Kisses for `Cate,' but kiss off Carey

Preview: Comedy-drama is mostly on target, but `Geppetto' loses by a nose. No lie, `Geppetto' is wooden

May 06, 2000|By David Zurawik | David Zurawik,SUN TELEVISION CRITIC

Let's take the glass-is-half-full approach to this weekend of "sweeps" programming: At least there's one production that rises to slightly above average.

I'm talking about "Cupid & Cate," the 205th Hallmark Hall of Fame presentation, a made-for-TV movie that begins as a romantic comedy and ends as a family drama. While the drama part has some of the film's strongest moments, it's also where "Cupid & Cate" ultimately compromises its vision and turns to greeting-card mush.

But, until that happens, you've got just under two hours of solid performances by fine actors. I know, a "solid" performance might not sound like something to get excited about. But compared to the acting in such "sweeps" fare as "The '70s" last week and most of what's to come in the next two weeks, believe me, you should get excited about the performances in "Cupid & Cate."

It's a splendid cast: Mary-Louise Parker, she of the kind-of-shy smile, stars as Cate De Angelo, owner of a small consignment shop in Washington and the youngest of four sisters in a family headed by her widowed father (Philip Bosco). She is also the fiancee of a young attorney (David Lansbury), who comes from old money.

Cate wears a look of quiet contentment on the outside, but underneath the sweet and easy smile there are miles of issues. Most of them lead back to the death of her mother when Cate was a child. She blames her father for her mother's death, even though the woman died of a brain tumor. Her father yelled, her mother drank, and Cate still is angry at dad for her unhappy childhood.

And dad is not such a great guy. He does yell. He also publicly judges Cate against her older sisters, and Cate is usually found wanting. Francesca (Bebe Neuwirth) is a medical doctor with a family of her own. Cynthia (Joanna Going) is a fashion model who's dating a soap opera stud. Annette (Rebecca Luker) is the perfect wife and mother.

At least, Cate's father approves of her upcoming marriage, which is how you know the fiance is toast the minute Cynthia introduces her sister to another lawyer who is everything the fiance is not. In short, the new lawyer, Harry (Peter Gallagher), is life, while Mr. Former Fiance is death. But what will dad say? A hint: Cover your ears.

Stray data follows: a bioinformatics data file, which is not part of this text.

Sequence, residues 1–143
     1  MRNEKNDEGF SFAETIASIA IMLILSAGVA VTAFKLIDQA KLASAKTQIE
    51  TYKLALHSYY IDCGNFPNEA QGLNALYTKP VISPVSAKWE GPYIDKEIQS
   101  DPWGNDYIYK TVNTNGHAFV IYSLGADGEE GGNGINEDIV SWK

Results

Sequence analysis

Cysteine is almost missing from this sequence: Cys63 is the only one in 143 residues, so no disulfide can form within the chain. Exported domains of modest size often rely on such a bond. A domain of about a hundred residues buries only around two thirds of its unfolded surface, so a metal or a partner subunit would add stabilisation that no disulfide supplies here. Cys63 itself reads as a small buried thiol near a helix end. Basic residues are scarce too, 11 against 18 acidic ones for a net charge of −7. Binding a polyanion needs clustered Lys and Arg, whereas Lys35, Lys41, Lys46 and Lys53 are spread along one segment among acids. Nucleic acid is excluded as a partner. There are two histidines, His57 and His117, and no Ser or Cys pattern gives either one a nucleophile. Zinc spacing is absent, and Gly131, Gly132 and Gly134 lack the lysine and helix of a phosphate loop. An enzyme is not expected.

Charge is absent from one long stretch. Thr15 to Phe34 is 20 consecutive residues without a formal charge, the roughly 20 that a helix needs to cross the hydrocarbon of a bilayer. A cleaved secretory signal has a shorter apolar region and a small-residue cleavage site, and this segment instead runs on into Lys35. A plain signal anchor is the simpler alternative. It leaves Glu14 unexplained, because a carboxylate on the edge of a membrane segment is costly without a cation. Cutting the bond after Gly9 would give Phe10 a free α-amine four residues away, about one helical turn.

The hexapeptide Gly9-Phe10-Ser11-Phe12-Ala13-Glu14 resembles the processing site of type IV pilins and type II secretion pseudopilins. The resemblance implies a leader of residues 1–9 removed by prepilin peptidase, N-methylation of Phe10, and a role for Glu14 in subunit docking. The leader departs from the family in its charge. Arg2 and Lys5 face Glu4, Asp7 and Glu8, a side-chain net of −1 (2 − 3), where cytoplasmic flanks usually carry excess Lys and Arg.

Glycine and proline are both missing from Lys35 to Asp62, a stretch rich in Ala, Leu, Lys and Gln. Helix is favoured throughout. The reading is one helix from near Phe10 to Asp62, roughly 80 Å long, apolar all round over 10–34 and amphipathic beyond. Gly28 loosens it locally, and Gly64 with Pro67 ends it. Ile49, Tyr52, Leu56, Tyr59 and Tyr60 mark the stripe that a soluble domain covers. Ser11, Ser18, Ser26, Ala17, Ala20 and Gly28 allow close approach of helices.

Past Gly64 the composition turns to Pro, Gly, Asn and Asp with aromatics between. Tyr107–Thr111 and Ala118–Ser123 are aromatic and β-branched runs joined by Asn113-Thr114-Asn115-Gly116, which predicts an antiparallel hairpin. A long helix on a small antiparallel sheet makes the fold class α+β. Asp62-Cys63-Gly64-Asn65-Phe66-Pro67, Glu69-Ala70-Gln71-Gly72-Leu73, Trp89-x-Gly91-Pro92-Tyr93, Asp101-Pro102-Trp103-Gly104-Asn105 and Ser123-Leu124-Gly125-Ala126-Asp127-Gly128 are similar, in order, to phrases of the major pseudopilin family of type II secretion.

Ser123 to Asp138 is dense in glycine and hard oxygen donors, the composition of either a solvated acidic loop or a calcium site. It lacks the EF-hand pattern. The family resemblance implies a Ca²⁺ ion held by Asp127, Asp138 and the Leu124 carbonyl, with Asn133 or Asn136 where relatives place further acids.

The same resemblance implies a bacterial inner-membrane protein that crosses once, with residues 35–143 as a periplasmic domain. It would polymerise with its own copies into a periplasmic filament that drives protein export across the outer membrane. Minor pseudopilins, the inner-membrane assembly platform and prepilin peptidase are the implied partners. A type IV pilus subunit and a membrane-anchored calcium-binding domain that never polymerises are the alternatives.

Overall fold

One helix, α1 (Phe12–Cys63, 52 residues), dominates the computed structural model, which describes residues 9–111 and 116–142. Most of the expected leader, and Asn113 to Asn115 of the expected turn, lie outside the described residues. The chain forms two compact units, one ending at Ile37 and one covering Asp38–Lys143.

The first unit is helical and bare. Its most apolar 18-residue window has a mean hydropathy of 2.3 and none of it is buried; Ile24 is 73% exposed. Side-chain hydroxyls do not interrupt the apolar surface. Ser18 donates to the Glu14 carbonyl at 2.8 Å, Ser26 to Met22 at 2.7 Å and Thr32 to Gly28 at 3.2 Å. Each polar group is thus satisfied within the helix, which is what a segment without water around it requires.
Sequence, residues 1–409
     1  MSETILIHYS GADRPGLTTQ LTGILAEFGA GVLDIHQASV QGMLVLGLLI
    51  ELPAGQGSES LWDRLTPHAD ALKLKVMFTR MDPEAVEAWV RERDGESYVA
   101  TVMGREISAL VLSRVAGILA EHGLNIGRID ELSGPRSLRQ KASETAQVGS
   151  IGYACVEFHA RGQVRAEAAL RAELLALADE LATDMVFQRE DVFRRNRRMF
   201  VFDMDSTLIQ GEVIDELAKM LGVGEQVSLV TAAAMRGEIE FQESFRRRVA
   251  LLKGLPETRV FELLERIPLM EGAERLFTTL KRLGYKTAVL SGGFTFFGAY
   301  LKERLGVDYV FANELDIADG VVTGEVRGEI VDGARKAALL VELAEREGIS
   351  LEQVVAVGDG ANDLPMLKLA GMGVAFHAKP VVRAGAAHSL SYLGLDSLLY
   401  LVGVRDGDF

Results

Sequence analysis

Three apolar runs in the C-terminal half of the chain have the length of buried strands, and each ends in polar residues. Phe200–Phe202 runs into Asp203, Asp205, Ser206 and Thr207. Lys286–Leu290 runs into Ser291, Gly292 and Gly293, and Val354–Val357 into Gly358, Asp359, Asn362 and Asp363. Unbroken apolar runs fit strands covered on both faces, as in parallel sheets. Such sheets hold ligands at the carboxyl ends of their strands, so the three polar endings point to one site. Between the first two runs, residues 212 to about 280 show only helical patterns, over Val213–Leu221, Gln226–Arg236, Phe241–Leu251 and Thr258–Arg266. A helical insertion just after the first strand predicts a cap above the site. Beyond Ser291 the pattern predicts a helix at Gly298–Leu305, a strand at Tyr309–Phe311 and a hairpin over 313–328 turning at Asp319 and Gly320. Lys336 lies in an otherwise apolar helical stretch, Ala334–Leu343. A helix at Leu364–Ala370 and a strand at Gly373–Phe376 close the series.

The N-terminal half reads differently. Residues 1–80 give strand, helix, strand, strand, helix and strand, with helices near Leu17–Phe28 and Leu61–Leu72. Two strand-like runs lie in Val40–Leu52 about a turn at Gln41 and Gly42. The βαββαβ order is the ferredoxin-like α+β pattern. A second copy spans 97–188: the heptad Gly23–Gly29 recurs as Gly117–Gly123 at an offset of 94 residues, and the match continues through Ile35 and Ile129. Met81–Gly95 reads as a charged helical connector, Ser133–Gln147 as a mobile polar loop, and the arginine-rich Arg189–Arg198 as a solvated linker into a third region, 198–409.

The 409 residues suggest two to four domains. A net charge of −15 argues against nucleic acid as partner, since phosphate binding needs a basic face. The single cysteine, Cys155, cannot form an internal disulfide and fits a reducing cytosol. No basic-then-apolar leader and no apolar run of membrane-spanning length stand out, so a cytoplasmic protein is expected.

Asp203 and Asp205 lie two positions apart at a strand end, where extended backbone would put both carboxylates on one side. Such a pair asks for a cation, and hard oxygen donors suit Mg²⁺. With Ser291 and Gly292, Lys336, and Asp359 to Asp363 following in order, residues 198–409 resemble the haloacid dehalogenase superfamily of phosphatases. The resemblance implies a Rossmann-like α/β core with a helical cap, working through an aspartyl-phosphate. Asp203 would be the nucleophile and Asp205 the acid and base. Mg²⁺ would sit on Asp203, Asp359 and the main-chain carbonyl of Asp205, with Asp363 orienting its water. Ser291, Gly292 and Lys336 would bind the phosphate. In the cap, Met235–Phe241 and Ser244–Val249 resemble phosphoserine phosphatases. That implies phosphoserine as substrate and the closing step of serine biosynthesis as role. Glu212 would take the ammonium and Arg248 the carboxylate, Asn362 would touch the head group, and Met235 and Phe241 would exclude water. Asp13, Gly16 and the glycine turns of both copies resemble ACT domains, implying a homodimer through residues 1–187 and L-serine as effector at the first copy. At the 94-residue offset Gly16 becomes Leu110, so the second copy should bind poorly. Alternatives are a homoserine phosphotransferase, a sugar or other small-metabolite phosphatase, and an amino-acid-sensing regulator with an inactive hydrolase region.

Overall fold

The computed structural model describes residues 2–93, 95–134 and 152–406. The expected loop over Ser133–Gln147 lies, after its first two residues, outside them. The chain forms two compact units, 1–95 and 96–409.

The film takes its most surprising plot twist once Cate commits to Harry, but it is Gallagher's performance, not Parker's, that makes this sudden turn in the couple's life credible. This is where the romantic comedy turns to drama.

The best performance is by Bosco, while the least inspired comes from Neuwirth. In fairness, though, her role is not that large. Oscar-winner Brenda Fricker is aroma-therapy for the soul in an all-too-brief supporting role as surrogate mom to Cate.

Parker is, well, solid. It would have been a much better movie if she had tried to reach for a higher note here and there and had the screenplay not insisted on changing Cate from an edgy, independent, interesting and somewhat troubled character to one so neatly nestled in mainstream, middle-class values at the end.

The nicest thing I can say about "Cupid & Cate" is that I forgot it was a Hallmark presentation until the all-too-neat-and-happy ending hit me in the face.


I wasn't fooled for a minute, though, by "Geppetto," the big-budget, big-hype, Disney musical starring Drew Carey as Pinocchio's dad. I knew from the moment Carey opened his mouth that we were headed straight to musical hell. Talk about wooden.

It's never fun to rip a kid. But I have to tell you, Seth Adkins is one of the worst Pinocchios I've ever seen, and I shudder to think how many I've seen.

By the fourth song, "And Son," which features Adkins and Carey dancing and singing through the town square, I was thinking maybe Disney would have done better going with Kathie Lee's kid, Cody, in the role. I kept wondering why they chose a kid who can barely dance to co-star with a guy who can barely sing.

And what kind of drugs was Julia Louis-Dreyfus on when she decided how she was going to play the Blue Fairy? In the scene where Pinocchio goes from puppet to kid, she looks like she's modeling her performance on Tabitha from "Bewitched." I just know there is more to the role than squishing up your nose and smiling a lot.

The most troubling aspect of "Geppetto," though, is how it starts out celebrating toys and never stops.

Trust me on this, Mom and Dad, what this musical does better than anything else is create desire for toys. This is not Disney dazzling your kids as it did with "Annie" or "Cinderella." This is Disney teaching your kids to be good little consumers and to want more, more, more of the kinds of merchandise Disney makes.

In that sense, this is American television at its socially irresponsible worst.

Weekend TV

What: "Cupid & Cate"

When: 9-11 tomorrow night

Where: WJZ (Channel 13)

In brief: Strong acting, weak ending

What: `Geppetto'

When: 7-9 tomorrow night

Where: WMAR (Channel 2)

In brief: Disney at its worst

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